Debt and state-owned enterprises need urgent change if South Africa is to recover, says Treasury in Parly
National Treasury Director General Dondo Mogajane said the fiscal results for fiscal year 2020/21 showed a budget deficit of 11 percent of GDP.
- National Treasury Director General Dondo Mogajane said the fiscal results for fiscal year 2020/21 showed a budget deficit of 11 percent of GDP.
- Chief Director of the National Treasury and Acting Head of the Budget Office Edgar Sishi said debt has become the second largest item of expenditure and will soon become the largest.
- Deputy Finance Minister David Masondo said public entities continued to pose a threat to the tax authorities as well as to economic recovery.
National Treasury Director General Dondo Mogajane told Parliament’s Standing Committee on Appropriations that while the government is confident in Operation Vulindlela’s ability to put South Africa on the path to economic recovery, levels unsustainable debt levels remained a threat.
The National Treasury briefed the committee on Wednesday morning in a virtual meeting, following a series of economic turmoil, including the nationwide Covid-19 lockdown and the July unrest that destroyed businesses in Gauteng and KwaZulu -Native.
Operation Vulindlela is a “delivery unit” created to accelerate key government interventions aimed at strengthening structural reforms, including a stable energy supply, reduced data and communication costs, a freight and logistics review, a sustainable water supply and a modernized visa regime.
Unity is central to President Cyril Ramaphosa’s political approach and is a lasting legacy from the time of former Finance Minister Tito Mboweni at the National Treasury.
However, cases like Mineral Resources and Energy Minister Gwede Mantashe amending the rules for 100 MW generation license exemptions and conflicting civil service salary negotiations add uncertainty to Treasury plans to hand over. South Africa’s finances measure up.
Attention will turn to Finance Minister Enoch Godongwana’s medium-term fiscal policy statement in October to see how he balances this function with South Africa’s most pressing fiscal challenges.
The National Treasury told the Credit Standing Committee that while monitoring the progress of Operation Vulindlela, South Africa needed public entities and government departments to function more effectively for the unit to deliver results.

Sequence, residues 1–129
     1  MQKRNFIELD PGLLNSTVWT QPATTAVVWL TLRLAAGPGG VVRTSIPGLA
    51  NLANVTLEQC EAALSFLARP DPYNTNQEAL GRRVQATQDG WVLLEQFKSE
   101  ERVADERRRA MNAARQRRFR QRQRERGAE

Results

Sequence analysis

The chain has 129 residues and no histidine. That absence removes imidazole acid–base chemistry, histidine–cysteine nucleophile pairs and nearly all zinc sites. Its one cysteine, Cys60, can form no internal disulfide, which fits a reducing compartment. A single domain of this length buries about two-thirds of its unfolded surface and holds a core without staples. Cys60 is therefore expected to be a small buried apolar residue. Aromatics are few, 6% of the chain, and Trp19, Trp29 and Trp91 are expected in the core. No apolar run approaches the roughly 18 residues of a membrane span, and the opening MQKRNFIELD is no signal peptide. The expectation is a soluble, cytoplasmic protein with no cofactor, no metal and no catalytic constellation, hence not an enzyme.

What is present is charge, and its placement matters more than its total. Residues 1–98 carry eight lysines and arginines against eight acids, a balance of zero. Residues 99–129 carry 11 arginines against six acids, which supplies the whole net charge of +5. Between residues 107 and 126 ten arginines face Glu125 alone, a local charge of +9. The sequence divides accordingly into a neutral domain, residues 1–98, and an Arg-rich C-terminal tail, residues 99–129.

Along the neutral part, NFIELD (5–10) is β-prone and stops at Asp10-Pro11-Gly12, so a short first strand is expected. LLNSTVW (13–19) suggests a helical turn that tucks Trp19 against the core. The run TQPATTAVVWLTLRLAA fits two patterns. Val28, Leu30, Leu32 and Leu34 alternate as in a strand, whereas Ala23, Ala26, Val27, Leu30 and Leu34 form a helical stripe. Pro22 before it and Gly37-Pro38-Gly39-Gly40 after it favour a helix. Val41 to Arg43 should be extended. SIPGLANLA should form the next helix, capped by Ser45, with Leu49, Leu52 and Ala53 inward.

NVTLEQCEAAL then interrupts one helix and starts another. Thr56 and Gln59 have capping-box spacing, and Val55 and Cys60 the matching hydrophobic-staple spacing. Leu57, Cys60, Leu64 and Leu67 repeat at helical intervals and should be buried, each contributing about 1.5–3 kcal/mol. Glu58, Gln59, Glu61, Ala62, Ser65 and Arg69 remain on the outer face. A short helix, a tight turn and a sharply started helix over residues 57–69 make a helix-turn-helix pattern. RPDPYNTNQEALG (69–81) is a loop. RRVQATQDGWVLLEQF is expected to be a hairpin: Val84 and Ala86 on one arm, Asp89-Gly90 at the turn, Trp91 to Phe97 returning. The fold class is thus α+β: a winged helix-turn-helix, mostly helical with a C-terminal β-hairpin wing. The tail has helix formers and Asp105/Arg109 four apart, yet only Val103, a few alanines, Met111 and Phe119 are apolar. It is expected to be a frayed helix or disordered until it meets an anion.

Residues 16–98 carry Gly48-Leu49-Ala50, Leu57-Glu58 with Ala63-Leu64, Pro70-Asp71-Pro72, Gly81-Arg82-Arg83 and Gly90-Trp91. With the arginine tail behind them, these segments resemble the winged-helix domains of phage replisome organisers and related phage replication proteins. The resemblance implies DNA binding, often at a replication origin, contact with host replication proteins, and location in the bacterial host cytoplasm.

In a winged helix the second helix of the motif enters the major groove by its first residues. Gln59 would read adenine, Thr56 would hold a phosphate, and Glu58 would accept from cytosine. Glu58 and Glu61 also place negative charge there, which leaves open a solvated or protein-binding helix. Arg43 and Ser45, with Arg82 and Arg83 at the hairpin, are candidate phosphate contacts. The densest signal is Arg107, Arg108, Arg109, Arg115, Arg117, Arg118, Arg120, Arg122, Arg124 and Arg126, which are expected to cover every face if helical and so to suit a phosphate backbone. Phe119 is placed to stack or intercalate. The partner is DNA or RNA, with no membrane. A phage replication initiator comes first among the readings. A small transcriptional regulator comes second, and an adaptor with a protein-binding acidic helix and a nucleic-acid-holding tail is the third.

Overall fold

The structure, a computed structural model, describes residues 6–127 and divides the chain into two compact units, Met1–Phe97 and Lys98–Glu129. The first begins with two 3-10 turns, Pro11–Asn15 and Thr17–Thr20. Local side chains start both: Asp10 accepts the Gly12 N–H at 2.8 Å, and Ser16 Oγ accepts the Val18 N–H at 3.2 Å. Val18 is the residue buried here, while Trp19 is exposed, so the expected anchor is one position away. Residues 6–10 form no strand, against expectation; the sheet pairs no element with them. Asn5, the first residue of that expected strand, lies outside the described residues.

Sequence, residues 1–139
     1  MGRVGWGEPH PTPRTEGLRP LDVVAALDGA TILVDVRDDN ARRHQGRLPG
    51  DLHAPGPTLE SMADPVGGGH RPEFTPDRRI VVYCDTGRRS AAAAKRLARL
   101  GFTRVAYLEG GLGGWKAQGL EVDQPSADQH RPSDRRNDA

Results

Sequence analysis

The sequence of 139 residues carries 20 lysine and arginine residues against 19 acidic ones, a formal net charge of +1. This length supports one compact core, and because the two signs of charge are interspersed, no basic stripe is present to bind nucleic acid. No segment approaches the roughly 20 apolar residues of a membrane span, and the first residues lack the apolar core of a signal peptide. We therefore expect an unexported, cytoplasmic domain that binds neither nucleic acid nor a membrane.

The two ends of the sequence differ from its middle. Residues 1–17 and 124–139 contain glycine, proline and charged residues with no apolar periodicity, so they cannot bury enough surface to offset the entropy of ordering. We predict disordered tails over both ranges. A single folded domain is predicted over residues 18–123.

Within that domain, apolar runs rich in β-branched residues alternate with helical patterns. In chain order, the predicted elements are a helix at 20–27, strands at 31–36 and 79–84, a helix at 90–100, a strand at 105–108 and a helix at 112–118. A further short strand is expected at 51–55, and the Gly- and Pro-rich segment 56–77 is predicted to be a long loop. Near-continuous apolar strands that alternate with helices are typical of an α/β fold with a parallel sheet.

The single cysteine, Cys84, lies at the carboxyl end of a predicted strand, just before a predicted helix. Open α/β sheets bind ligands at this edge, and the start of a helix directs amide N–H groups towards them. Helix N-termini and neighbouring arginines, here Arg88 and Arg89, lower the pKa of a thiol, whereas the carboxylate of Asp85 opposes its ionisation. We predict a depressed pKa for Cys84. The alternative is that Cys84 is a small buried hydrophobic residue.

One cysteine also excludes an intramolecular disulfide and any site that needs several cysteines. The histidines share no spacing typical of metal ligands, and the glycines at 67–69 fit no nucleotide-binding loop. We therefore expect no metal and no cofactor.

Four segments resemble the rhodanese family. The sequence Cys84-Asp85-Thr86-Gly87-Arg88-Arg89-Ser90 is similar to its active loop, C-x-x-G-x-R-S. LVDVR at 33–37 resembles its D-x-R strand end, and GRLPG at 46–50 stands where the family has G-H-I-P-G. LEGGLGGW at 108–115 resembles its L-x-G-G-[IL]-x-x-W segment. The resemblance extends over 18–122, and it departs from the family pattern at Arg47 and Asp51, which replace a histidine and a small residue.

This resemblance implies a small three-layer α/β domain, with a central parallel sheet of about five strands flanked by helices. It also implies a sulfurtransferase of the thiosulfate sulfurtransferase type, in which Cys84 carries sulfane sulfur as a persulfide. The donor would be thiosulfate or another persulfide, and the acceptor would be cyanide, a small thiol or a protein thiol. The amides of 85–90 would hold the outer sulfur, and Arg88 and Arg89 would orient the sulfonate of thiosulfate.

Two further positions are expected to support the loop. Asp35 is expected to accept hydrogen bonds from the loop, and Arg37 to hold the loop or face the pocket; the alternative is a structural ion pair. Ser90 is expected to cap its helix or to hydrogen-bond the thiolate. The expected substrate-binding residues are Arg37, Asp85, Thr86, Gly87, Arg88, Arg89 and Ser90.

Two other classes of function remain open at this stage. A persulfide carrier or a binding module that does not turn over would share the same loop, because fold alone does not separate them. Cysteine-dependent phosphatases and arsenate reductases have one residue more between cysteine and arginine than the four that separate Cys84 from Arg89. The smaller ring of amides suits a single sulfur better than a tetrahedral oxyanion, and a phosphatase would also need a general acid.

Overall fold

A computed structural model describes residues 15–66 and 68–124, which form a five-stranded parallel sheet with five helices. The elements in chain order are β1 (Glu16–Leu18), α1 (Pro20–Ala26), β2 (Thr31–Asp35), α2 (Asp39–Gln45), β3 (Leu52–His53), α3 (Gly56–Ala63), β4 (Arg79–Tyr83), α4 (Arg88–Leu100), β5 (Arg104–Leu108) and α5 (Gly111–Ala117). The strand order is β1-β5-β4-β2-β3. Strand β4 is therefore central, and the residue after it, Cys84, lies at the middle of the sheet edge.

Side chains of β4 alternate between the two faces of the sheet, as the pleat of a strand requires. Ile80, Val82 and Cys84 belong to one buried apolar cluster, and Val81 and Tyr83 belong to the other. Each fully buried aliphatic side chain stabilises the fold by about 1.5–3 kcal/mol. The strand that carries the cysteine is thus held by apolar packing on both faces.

Mogajane said fiscal year 2020/21 results showed a budget deficit of 11 percent of GDP or R552 billion, characterized by high government spending and higher debt as South Africa’s growth did not recover.
“Structural reforms are essential for the dynamics of growth rather than higher deficits and new accumulation of debt. Fiscal consolidation is needed to avoid a debt or fiscal crisis, ”Mogajane said.
Mogajane said the GDP, spending and deficit were much worse than the 2020 budget estimates, highlighting the deleterious effect of the Covid-19 pandemic on public finances and the economy.
“Nonetheless, performance was slightly better than expected in the 2021 budget. Compared to the 2020 budget estimates, the main budget deficit was worse than expected by 183.9 billion rand or 4.2 percentage points of GDP,” he said. declared Mogajane.
The Chief Director of the National Treasury and Acting Head of the Budget Office, Edgar Sishi, told the committee that debt has become the second largest item of expenditure and will soon become the largest item of expenditure for the South African government.
“Our debt has, as stated in the past [few] budget deposits and the special adjustment budget in June of last year, has increased quite dramatically in recent years. We are sitting on a debt level of just under 80% of GDP.
“To put it in terms of rand, we owe around 4 trillion rand to various lenders around the world. This debt incurs interest charges and the cost of servicing that debt now amounts to hundreds of billions of dollars. rands, ”Sishi said.
Sishi said that in 2021, the government is expected to spend R 270 billion just on the cost of servicing the debt and will have to be paid before anything else in the fiscus is taken into account. He said the contingent liability is expected to reach R1 trillion by next year.
Deputy Finance Minister David Masondo said public entities continued to pose a threat to the tax authorities as well as to economic recovery. He said South Africa cannot continue to support state-owned enterprises that undermine economic recovery and will cut ties with these entities if necessary.
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